1) African food brands for export
Every year, Africa loses thousands of jobs and billions of dollars in potential income by exporting unprocessed, non-value-added commodities like raw cocoa and coffee beans.
And then when these commodities have been transformed into premium chocolate and gourmet coffee by factories in North America and Europe, we spend even more money to import the value-added products back to Africa.
As a result, while chocolate and processed coffee represent a lucrative global market that is worth over $100 billion annually, thousands of African cocoa and coffee farmers remain trapped in extreme poverty.
2) Off-grid solar
While policymakers in Europe and North America debate about the most fitting energy transition strategy for their countries, Africa presents a clean and open slate for renewable energy, especially solar.
The race to spread solar power across Africa is now a multi-billion-dollar industry that continues to attract entrepreneurs and investors from within and outside the continent.
What makes solar one of the most attractive business opportunities in Africa right now is the significant potential for off-grid solar solutions.
Over 600 million Africans are tired of waiting for energy from centrally-managed power grids that are slow to deploy, inefficient, and inflexible to the continent’s growing power needs.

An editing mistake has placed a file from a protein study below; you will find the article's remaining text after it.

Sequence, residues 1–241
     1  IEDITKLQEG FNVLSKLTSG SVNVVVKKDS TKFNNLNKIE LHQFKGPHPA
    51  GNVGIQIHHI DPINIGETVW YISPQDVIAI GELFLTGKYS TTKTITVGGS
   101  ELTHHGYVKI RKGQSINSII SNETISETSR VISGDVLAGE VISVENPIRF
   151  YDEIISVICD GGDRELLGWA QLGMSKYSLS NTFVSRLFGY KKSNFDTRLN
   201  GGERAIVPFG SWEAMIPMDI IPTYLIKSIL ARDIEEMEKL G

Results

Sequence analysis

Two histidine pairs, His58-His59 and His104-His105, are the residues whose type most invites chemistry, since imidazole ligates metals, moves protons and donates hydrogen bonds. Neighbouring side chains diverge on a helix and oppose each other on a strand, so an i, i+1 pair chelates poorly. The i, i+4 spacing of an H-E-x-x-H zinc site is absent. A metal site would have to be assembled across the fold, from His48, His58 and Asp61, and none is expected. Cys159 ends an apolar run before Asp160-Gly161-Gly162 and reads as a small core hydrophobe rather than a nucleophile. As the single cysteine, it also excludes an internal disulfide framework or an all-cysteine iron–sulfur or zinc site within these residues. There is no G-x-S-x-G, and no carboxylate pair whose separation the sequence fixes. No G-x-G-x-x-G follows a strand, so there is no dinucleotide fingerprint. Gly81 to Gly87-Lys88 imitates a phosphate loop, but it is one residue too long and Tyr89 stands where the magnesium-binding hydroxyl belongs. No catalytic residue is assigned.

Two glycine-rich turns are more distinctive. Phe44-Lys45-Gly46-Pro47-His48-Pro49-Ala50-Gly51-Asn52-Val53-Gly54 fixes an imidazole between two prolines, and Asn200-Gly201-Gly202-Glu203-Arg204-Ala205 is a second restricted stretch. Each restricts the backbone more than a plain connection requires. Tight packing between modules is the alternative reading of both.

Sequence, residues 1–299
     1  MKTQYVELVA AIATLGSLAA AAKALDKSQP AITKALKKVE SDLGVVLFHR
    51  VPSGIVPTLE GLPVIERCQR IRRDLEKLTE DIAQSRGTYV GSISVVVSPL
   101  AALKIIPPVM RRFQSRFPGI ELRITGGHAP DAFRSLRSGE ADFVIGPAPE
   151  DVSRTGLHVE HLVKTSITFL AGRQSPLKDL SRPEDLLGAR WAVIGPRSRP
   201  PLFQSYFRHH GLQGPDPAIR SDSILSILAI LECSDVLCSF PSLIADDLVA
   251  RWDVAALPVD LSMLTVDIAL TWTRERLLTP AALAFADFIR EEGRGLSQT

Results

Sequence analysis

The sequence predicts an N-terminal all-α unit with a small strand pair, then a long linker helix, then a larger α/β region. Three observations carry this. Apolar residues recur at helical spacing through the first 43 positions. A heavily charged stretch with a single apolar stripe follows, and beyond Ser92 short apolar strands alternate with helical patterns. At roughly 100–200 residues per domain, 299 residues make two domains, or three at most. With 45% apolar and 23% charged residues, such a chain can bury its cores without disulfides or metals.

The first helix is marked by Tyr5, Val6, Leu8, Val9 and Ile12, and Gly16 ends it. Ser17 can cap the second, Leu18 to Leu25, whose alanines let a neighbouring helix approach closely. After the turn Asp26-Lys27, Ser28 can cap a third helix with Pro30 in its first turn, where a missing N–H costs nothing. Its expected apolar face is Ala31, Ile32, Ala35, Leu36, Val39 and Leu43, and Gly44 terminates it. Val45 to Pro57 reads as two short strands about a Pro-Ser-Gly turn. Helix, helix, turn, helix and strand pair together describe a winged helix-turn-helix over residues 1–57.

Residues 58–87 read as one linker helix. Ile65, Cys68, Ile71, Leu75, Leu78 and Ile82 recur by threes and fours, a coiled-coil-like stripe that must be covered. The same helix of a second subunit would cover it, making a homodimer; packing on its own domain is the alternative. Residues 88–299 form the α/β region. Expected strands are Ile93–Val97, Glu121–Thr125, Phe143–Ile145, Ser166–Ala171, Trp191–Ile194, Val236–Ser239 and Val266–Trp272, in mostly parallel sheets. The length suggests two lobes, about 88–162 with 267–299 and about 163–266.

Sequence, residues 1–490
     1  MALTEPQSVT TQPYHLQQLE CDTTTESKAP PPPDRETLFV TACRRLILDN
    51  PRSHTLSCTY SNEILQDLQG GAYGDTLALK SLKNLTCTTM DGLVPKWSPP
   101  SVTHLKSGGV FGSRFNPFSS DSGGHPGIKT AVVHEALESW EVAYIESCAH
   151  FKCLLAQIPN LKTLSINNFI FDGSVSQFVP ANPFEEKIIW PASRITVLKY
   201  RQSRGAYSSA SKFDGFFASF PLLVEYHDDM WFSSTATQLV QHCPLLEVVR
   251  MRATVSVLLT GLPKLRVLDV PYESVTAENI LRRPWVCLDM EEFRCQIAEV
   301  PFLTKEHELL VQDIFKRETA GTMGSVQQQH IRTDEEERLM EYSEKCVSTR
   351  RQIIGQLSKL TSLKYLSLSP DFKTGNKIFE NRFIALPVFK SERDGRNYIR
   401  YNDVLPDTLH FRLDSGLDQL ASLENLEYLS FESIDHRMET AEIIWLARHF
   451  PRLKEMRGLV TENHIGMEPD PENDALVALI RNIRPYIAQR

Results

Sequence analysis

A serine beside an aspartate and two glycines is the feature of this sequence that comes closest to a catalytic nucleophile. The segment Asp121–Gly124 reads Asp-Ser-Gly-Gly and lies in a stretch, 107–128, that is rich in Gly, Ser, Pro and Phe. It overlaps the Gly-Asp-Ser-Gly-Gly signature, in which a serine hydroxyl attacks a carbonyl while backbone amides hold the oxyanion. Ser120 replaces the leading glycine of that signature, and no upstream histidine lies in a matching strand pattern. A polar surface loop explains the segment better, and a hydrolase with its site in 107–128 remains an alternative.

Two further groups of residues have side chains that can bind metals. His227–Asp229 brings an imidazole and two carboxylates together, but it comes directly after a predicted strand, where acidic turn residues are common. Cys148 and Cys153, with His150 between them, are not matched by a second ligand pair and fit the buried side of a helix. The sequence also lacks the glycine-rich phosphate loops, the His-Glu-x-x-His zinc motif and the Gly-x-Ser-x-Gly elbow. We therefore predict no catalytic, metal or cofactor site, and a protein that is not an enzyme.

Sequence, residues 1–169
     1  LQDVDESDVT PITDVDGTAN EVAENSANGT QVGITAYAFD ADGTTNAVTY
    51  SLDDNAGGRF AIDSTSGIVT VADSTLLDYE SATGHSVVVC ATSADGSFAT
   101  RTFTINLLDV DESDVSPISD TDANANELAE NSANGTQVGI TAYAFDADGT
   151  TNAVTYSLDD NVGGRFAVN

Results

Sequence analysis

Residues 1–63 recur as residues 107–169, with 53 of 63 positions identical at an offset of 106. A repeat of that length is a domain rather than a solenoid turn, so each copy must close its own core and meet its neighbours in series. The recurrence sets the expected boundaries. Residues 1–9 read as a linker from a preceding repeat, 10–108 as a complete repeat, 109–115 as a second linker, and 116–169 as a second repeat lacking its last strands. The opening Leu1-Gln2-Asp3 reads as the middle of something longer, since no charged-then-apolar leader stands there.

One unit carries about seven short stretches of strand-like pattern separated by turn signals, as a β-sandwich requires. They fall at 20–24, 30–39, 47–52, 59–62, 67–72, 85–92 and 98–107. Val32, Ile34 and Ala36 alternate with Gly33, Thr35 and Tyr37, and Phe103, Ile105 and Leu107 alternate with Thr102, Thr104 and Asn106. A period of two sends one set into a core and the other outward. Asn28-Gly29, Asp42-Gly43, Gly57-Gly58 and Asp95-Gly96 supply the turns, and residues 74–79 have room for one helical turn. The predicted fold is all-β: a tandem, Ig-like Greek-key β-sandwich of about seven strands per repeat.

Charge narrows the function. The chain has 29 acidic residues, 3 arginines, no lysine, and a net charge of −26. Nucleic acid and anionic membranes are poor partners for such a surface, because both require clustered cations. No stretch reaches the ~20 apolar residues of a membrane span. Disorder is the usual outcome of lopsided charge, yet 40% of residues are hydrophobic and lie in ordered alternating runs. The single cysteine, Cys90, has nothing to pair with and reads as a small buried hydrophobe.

3) Apartment hotels
The rise in global business travel, a massive market that spends more than $1.2 trillion annually, is the big trend responsible for the growing demand for apartment hotels in Africa.
Apartment hotels, also known as ‘serviced’ apartments or ‘long-stay’ hotels, are an emerging real estate niche that brings together the best of both a hotel and an apartment.
The appeal of this offering is that residents get the privacy of a furnished and fitted apartment with the convenience of hotel services. On top of that, apartment hotels can cost up to 20-30% less than an equivalent extended stay at a conventional hotel.
In 2015, there were only 8,802 serviced apartments in 102 locations in Africa. By 2017, the numbers had increased to 9,477 serviced apartments in 166 locations, a rise of 7.6% and 62.7% respectively. This shows the rising level of interest in the sector, according to the Global Serviced Apartments Industry Report.
4) Digital financial services
Over 60% of Africa’s adult population is unbanked. Up to 350 million of them own and use phones, but fewer own a bank account or have access to formal financial services. That’s a huge market indeed.
By using mobile phones and the internet, fintech entrepreneurs across the continent are deepening financial inclusion and unlocking incredible market opportunities in financial services. And the opportunities range from processing payments and money transfers to savings, and access to credit.
Current estimates project that over the next 3 years, Africa’s fintech industry will grow by at least $40 billion and contribute up to $150 billion to Africa’s GDP by 2020. It’s this huge market potential that’s making investors fall over themselves to invest in African fintech companies.
5) Automatic Fare Collection Operator for Buses
Shortage of cash notes, fraud, and fake money have been a problem for bus companies in under developing countries. However, nobody wants to invest or to finance any fare collection system for old buses.
By following a proven financial model based on charging a minimum deposit on each passenger stored-value card, it will be a big money making business with minimum or no investment.
Operating as an Automatic fare collection operator independent from the bus company, you can have a positive cashflow of investment over USD 1 million, and earn about USD 1 million every year for a population of a million passengers.
To learn more: autofare.net